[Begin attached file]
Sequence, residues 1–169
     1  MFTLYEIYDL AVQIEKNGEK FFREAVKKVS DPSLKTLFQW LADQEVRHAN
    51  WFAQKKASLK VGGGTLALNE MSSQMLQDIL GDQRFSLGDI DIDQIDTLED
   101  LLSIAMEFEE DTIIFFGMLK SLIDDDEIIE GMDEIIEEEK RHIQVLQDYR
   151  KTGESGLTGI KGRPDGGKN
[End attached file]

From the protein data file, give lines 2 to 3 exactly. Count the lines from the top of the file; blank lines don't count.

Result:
     1  MFTLYEIYDL AVQIEKNGEK FFREAVKKVS DPSLKTLFQW LADQEVRHAN
    51  WFAQKKASLK VGGGTLALNE MSSQMLQDIL GDQRFSLGDI DIDQIDTLED